Security guru slams misuse of 'cyberterrorism'

Bruce Schneier says at a conference that organizations' abuse of the term is creating a mythical threat.

An Internet security expert told conference attendees Tuesday to use the term "cyberterrorism" properly--and played down the spread of government-sponsored hacking.

Organizations are abusing the word by using it to fuel their budgets, Bruce Schneier said.

Speaking at the Infosecurity Europe conference in London, the renowned author and cryptography expert called cyberterrorism a myth that has yet to become to a threat to human life.

"Nobody's getting blown to bits," Schneier said. "I don't think that cyberterrorism exists--if you add 'terrorism' to things, you get more budget. If you can't get e-mail for a day, you're not terrorized, you're inconvenienced."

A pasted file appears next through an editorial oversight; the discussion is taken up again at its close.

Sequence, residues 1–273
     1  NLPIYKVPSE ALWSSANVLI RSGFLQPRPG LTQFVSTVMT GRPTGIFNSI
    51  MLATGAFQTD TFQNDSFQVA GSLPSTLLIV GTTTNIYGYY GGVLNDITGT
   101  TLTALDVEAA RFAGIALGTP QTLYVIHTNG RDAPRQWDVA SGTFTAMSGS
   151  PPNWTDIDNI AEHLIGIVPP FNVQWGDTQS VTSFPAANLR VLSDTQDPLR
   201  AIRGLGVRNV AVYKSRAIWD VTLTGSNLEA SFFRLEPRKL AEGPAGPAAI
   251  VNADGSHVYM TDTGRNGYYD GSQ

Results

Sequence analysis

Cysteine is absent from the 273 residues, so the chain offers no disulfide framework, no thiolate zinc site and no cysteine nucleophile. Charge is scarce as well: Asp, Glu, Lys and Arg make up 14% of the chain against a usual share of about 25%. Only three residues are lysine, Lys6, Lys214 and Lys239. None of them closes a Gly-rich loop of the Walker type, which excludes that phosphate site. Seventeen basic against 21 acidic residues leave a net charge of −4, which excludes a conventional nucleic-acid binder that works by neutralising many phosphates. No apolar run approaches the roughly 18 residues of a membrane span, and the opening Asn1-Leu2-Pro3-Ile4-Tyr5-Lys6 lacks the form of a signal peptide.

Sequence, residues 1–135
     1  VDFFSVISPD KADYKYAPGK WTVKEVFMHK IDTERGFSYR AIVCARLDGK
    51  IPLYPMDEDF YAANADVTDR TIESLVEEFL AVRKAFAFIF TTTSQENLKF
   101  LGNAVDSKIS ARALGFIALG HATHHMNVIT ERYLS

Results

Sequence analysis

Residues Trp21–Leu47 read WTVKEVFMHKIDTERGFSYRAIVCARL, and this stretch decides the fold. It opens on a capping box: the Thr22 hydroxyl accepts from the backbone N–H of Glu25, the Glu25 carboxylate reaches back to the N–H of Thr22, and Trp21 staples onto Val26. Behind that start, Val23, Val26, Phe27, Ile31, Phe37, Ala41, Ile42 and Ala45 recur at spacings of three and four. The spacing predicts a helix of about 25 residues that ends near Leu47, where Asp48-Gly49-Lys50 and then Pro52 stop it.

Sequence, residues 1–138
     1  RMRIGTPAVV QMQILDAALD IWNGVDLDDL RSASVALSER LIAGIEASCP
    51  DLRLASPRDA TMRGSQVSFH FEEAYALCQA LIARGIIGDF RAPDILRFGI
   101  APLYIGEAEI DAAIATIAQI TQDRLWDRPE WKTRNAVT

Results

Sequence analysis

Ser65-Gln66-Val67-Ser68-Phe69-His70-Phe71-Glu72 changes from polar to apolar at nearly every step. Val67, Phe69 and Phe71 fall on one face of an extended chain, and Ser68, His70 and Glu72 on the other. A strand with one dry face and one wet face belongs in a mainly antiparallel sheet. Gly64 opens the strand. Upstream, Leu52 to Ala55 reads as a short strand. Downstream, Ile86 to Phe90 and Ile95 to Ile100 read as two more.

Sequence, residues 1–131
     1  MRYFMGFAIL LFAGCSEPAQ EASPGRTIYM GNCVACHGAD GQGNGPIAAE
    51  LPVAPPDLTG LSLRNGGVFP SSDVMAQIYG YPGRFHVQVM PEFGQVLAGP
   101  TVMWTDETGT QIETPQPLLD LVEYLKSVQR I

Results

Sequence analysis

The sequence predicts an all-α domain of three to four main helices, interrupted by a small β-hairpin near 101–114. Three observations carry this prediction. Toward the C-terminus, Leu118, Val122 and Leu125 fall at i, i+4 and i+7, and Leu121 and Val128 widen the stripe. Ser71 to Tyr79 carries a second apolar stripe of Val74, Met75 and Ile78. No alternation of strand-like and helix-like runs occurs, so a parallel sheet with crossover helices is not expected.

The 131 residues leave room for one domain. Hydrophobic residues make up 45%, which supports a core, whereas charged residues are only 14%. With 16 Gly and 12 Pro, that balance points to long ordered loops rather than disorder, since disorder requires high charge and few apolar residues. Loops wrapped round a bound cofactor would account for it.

"We should save 'terror' for the things that deserve it, not things that piss us off," he added.

Schneier said governments around the world, despite having teams of specialist hackers on hand, were not attacking each other. "I don't believe there is that much government hacking. That's just silly--adults don't do it. But we know that countries are spending money on military hacking organizations--Israel, China, (the United States) and everyone else."

The defacement of government Web sites is a small threat to governments, he said. "It's kids playing at politics. I don't think it's politically motivated."

Schneier added that the sophistication of worms and viruses will likely improve, as hackers develop reconnaissance viruses that are able to carry out vulnerability assessments and report back to the author.

Dan Ilett of ZDNet UK reported from London.

 

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